British playwright Stanley Houghton’s Hindle Wakes (currently at the Mint Theater Company) was written and first performed in the era when Sigmund Freud’s ideas on sexuality were becoming known, and when the question of women’s suffrage was on people’s minds, both in England and in the States. Now, with the culture again scrutinizing sexual mores and addressing the enduring problem of gender inequality, this 1912 drama is stunningly pertinent and potent.
It centers on a sex scandal that rocks three families in a Lancashire town called Hindle. (“Wakes” in the title refers to a regional holiday, during which this scandal erupts.) Fanny Hawthorn (Rebecca Noelle Brinkley), the daughter of a manager at a local cotton mill, flees with a girlfriend named Mary for a holiday at the seaside resort of Blackpool. There she meets up with Alan Jeffcote (Jeremy Beck), the son of the owner of the mill at which her father is employed. Alan takes Fanny to a hotel for some carnal adventures. The rendezvous would have remained secret had not catastrophe coincidentally befallen Mary after she parted with Fanny.
The drama’s central conflict revolves around what measures should be taken in the wake of the revelation. And it’s a complex web of competing opinions. Fanny’s mother (Sandra Shipley) and father (Ken Marks) castigate their daughter severely—although Mrs. Hawthorn also concedes, approvingly, that Fanny may have cleverly trapped Alan into marriage, something that would be advantageous for the whole Hawthorn clan. For the Jeffcote family, there are significant ramifications, as Alan is engaged to marry a wealthy girl named Beatrice Farrar (Emma Geer). Alan’s mother (Jill Tanner) blames the sexual escapade on Fanny, who, she feels, is either opportunistic or depraved. Alan, not surprisingly, takes a similar view, as he desperately wants to marry Beatrice. On the other hand, his father, Nathaniel (Jonathan Hogan), who was a boyhood pal of Fanny’s father, takes a hardline moral stance. He lambastes his son for satisfying his urges with a girl from a respectable family instead of hiring a sex worker, and he insists that Alan now has no choice but to break things off with Beatrice and marry Fanny. Beatrice, similarly, instructs Alan to make a “splendid sacrifice” by marrying the other woman. Her bumptious father, Sir Timothy Farrar (Brian Reddy)—himself a sexual adventurer—supports the idea of paying off the Hawthorns so that his daughter’s marriage to Alan can proceed. However, when Nathaniel Jeffcote threatens to cut Alan off from the family fortune if he doesn’t do right by the wronged Fanny, Sir Timothy alters his tune.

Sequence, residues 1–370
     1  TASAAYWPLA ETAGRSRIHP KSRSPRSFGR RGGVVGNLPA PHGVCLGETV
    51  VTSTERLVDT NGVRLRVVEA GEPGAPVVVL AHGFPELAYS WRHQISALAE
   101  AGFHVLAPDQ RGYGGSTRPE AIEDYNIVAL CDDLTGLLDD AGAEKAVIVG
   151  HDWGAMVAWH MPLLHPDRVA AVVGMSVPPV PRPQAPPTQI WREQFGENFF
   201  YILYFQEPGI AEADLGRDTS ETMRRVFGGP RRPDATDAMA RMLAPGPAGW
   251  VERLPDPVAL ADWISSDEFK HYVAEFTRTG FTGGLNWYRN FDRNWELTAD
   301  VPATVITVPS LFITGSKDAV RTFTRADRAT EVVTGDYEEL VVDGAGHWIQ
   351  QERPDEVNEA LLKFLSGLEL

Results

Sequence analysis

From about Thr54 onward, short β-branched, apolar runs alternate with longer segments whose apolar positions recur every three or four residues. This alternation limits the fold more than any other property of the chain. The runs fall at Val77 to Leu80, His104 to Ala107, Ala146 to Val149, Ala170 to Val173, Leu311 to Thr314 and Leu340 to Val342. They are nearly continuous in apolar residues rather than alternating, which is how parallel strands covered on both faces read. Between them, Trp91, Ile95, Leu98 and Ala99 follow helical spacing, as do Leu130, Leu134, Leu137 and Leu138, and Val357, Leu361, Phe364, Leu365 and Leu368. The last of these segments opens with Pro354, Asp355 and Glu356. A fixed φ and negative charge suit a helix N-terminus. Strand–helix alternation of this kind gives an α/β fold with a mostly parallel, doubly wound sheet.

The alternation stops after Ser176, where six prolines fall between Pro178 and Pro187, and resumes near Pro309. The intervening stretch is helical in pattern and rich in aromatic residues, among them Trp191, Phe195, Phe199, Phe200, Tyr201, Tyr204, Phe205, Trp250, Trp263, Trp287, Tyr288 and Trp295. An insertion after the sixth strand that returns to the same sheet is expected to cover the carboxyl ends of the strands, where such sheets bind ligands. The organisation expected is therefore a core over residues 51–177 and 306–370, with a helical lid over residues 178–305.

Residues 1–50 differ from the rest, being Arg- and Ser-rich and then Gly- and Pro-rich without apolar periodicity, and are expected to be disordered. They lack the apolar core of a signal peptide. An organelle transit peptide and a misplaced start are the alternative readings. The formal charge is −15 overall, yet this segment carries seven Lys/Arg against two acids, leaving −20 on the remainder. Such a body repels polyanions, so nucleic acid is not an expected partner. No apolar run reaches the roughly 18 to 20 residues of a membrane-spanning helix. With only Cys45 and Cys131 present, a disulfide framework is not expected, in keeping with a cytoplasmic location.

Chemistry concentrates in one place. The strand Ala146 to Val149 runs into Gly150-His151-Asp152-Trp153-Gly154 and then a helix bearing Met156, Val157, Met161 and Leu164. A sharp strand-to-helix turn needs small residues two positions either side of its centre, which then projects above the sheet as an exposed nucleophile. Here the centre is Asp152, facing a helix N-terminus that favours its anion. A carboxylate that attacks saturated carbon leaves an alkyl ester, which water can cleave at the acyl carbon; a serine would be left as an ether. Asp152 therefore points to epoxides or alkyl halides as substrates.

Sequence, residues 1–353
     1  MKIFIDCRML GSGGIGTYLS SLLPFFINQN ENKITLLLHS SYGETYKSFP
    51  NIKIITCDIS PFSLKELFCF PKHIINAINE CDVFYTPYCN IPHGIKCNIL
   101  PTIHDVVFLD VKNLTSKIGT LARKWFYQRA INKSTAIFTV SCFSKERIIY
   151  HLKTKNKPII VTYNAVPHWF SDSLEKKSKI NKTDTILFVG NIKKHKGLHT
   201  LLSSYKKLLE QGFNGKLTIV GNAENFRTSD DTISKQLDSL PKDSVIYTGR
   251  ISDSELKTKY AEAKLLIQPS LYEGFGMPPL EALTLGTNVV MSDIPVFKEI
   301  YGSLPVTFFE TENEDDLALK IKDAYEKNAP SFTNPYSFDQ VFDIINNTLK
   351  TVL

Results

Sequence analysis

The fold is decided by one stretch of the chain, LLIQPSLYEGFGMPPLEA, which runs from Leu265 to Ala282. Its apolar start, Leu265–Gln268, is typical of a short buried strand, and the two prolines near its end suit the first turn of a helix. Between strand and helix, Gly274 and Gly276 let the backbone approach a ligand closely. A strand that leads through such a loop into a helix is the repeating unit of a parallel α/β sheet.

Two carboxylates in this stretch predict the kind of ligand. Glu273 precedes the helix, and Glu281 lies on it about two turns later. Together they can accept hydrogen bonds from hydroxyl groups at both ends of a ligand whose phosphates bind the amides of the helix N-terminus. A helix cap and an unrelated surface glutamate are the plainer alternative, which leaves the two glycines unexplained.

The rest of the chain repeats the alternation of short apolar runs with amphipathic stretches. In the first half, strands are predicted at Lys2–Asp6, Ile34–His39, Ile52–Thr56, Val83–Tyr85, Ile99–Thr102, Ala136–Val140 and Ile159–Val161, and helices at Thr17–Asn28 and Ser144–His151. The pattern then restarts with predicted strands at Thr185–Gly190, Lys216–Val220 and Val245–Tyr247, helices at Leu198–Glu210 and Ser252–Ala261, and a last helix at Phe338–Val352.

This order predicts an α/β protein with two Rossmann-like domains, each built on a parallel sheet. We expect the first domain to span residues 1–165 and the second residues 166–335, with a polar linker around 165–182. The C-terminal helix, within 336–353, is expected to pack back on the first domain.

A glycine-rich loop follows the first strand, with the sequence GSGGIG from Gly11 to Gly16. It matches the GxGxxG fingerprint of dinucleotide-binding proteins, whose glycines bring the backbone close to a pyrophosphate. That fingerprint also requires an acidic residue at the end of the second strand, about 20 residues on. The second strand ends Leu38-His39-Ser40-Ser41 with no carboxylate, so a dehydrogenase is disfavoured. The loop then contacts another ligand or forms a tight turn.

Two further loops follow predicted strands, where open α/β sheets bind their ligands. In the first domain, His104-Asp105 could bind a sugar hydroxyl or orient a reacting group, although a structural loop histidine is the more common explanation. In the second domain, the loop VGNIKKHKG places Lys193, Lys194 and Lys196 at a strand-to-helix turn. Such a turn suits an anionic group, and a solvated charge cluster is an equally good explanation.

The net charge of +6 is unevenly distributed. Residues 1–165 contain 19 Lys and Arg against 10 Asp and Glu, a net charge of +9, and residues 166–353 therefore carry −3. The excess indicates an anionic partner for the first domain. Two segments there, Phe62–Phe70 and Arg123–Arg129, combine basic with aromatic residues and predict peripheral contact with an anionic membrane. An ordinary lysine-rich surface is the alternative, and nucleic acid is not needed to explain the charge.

Tellingly, it’s a mere afterthought to ask Fanny herself to weigh in on the dilemma. When she does, though, it’s as if a cold, bracing wind has blown open all the doors and windows of the Jeffcote home. Fanny is someone who knows her own mind, is pleased to take control of her own affairs, and doesn’t give tuppence for conventional morality. It’s little wonder that this play raised Britons’ hackles when it was first produced more than a century ago. Houghton evokes comparisons with Henrik Ibsen’s A Doll’s House, but with a difference. While Ibsen concentrated on a woman’s right to make her own life choices, Houghton focuses on her right to sexual pleasure. (The notion that women even have libidos seems hideous to everyone but Fanny and—interestingly—the otherwise seemingly prim Beatrice.)
The Mint production is a thoughtful, handsomely mounted, and thoroughly enjoyable production of a play not seen in New York City in almost a century. It’s a bit tricky for the director, Gus Kaikkonen, to segue from the extremely dark and heavy opening scenes of the play—which include literal thunder cracks and lightning bolts—to the sort of comedy-of-manners business that comes later in the evening. But I think he was right not to try to remedy this by taking a lighter touch in those opening scenes, which, among other things, include the excruciating sequence in which Fanny learns of her friend Mary’s fate.
The cast is solid. All actors seem to be on the same page in terms of playing style (though they have varying levels of success managing the idiosyncratic Lancashire dialect). Especially good are Shipley, Tanner, and Hogan. The steely look that Hogan’s Jeffcote shoots toward Fanny when she arrives in his home to sort things out, speaks volumes.
But this production owes a great deal of its success to Brinkley’s turn as the radiantly earthy Fanny. She is pitch-perfect in a role that is relatively small but that acts as the glue that holds the whole enterprise together. In the play’s last scenes, Brinkley often has a dazed, faraway look in her eyes that suggests Fanny’s disgust with and rejection of the fuss others are making about her predicament. She seems to be imagining, impatiently, a future in which women are as free as men to control the ways in which their bodies interact (or don’t interact) with those of others. It’s a utopia still being imagined in 2018.